It’s probably because I watch too much TV, but when I was younger, I always imagined that all adults were required to have a signature drink. Carrie Bradshaw had her cosmopolitans, James Bond had his martini, Norm from Cheers simply had a beer. And now, with a recent spike in popularity, there is a strong possibility that cider might soon be on that list.
Cider dates back to colonial America, when settlers were increasingly cultivating orchards and water’s safety was unreliable. However, the advent of the Industrial Revolution made access to beer easier, simultaneously shrinking the demand for cider. The demand for the beverage never quite bounced back.
However, in the past couple of years, cider’s popularity has skyrocketed in the US. At $366 million in 2014, sales of cider currently comprise about 1% of the total American beer market. While this number may seem paltry, it marked a 75% increase in sales from the previous year – making Cider the fastest growing segment in the beer and flavored malt beverage market – a rate that experts predict will persist in coming years.
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In trying to pinpoint the source of this trend, some posit that the beverage’s sweet taste appeals to women at a much higher rate, with women accounting for about half of cider drinkers, as opposed to approximately 30% of beer drinkers. Additionally, cider appeals to millennials and nontraditional beer drinkers who tend to gravitate towards craft beers, wines and spirits.
However, Cider’s rise likely has less to do with these two theories and much more to do with the rise of another phenomenon, the gluten free movement. With 2014 sales of gluten free foods estimated at $8.8 billion, a 63% increase from 2012-2014, the correlation between this particular diet and the rise of cider is undeniable. For any sticking to this diet, beer is now out – after all, it is basically bread in a glass – but cider has become a delicious option.
In summer 2012, about a week before I left for my senior year of college, I went to see an endocrinologist. I was hoping to uncover the source of my chronic stomach pain and a near-constant sense of lethargy. My doctor suggested that I might possess a non-celiac gluten sensitivity.
Celiac disease is an autoimmune disorder in which the consumption of gluten, a protein found in wheat, barley and rye, slowly damages the small intestine. In recent years, advances in science and medicine have increased celiac diagnoses. Presently, the disease is estimated to affect two million Americans or 1% of the population, which is exactly the amount of sales Cider currently makes up in the beer market.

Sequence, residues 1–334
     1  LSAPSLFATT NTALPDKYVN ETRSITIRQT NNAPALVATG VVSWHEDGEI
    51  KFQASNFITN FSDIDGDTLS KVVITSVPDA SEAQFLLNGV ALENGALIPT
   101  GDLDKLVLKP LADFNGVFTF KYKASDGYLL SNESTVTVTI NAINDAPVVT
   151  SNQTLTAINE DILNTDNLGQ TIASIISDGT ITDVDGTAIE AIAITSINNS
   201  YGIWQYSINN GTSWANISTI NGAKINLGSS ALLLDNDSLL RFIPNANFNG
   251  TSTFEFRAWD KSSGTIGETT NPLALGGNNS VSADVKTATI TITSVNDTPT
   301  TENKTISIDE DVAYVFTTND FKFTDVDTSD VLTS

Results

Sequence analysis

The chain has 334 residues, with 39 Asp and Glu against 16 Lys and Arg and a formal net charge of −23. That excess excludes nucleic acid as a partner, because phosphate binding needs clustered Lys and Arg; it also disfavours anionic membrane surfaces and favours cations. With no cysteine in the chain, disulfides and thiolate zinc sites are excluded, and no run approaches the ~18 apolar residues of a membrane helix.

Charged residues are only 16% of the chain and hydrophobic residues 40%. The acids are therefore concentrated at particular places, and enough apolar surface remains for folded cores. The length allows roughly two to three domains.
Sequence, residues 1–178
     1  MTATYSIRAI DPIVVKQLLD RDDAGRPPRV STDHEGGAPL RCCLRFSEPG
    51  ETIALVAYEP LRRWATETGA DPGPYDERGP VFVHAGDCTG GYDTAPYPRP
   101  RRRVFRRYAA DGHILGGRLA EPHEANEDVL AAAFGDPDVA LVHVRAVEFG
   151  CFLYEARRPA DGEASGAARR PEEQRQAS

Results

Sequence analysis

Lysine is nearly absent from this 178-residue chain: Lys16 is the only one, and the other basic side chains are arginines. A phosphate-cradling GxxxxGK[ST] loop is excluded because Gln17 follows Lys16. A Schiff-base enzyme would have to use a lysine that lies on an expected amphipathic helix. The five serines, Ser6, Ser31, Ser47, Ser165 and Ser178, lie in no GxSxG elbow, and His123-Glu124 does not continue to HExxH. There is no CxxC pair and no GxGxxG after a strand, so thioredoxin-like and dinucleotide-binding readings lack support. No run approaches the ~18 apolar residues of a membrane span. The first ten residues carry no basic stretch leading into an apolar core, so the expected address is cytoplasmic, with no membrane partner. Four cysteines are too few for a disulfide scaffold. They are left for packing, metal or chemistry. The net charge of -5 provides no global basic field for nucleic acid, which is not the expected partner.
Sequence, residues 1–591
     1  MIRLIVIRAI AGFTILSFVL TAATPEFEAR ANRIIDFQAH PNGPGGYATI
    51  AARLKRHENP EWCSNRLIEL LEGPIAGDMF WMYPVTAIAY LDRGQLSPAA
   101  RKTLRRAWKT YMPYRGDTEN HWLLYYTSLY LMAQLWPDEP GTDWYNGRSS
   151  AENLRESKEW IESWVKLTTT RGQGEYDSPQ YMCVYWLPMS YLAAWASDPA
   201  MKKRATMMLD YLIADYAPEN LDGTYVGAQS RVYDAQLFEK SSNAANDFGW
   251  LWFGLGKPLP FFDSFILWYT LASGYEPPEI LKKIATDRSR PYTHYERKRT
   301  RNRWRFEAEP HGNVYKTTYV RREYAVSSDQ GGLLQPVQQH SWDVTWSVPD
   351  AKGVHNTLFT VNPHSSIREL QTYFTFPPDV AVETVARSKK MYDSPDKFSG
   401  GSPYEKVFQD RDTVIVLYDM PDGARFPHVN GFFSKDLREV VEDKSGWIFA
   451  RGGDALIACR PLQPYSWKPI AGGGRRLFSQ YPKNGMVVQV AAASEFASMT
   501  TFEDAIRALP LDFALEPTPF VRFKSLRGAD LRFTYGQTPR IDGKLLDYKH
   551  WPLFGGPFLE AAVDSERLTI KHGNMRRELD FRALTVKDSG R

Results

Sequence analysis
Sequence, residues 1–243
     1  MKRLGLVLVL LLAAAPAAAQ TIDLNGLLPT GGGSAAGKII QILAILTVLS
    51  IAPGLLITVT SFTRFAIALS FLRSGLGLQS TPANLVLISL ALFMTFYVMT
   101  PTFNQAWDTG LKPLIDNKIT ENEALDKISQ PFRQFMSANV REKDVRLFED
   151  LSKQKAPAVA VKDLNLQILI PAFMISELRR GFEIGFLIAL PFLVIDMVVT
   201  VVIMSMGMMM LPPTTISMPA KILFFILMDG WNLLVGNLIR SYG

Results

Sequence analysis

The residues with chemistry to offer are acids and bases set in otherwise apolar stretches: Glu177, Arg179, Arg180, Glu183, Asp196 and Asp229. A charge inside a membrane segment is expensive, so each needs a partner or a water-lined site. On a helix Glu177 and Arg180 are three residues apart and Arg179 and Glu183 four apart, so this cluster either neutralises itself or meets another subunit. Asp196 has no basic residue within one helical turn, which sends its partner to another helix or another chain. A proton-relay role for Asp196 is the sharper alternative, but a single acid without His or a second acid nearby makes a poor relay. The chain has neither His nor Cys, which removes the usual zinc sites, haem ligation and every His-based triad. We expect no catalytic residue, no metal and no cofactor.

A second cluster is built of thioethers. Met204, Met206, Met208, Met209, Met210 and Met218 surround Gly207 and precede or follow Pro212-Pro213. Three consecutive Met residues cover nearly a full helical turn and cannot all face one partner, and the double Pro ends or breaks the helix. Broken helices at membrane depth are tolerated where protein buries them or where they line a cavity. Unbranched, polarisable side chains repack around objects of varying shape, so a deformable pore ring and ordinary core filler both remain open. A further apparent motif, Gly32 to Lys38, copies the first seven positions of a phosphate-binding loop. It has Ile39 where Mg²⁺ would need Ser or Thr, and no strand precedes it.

Far more common than celiac disease, non-celiac gluten sensitivity cannot be proven with a blood test. Instead, it is diagnosed by completely removing all sources of gluten from your diet; if symptoms subside, then you slowly and methodically reintroduce glutenous items to see their effect. Although arcane, the system is effective, and within a month of eliminating gluten my symptoms vanished. With such a vast improvement in my quality of life, I decided to maintain a completely gluten free diet. In addition to eliminating a host of other products, this meant no more beer.
I always had mixed feelings on beer. I liked the taste, but I hated that even one beer would leave me feeling nauseous and bloated. When you stop drinking beer, however, you become very aware of how useful a tool it is in social settings. On occasions when hard alcohol is too aggressive and wine options are limited, the appeal of a beer is obvious. Now, with this spike in the availability of cider, there is no problem when it comes time to order.
Understanding the need for a gluten free substitute, beer industry juggernauts have taken notice of the increasing demand for cider in recent years. Boston Beer Co., the makers of Sam Adams, debuted their Angry Orchard line of ciders in 2011 and recently, Stella Artois introduced their own “Cidre” to American markets. It is estimated that Angry Orchard will make up one fifth of Sam Adams’ sales volume by the end of the year. If this trend persists, cider may eventually become just as prevalent as beer.
The only thing that could be holding that massive growth back might not be a backlash on gluten free, but instead a shortage of apples. As the boom has taken off, many orchards have been unable to keep up with the demand. Good cider needs different apples – ones that don’t taste great eaten raw, but are delicious when juiced and fermented – and these apples have not been planted in massive quantities until recently because growing apples for eating instead of juicing is more lucrative. This means we could be waiting on new plantings to mature and juicing apple prices to rise, before supply can catch up to demand.
Outside of the beverage production industry, cider is settling in for the long haul. The upcoming LES bar & restaurant Wassail is set to serve 80-100 craft ciders in addition to a full menu of well paired dishes and nearly 100 popular, high profile New York restaurants are set to participate in NYC Cider Week in November 2015.
Having been gluten free for nearly three years, I always relish the opportunity to order a cold cider at a bar or alongside my meal. As the market continues to develop, different varietals have become available, which will eventually make for a host of ciders just as varied as any beer or wine list. So, regardless of whether you’re craving a traditional apple cider, a sweet pear cider, or a cider with a hint of cinnamon, don’t wait until Fall to get acquainted with America’s hottest beverage trend.
Colette Bloom is a writer living in New York. In the eighth grade, she read the first half of Atlas Shrugged but then it fell out of her backpack and the spine cracked and she figured it would be easier to just watch TV. Follow her on Twitter @cobloom.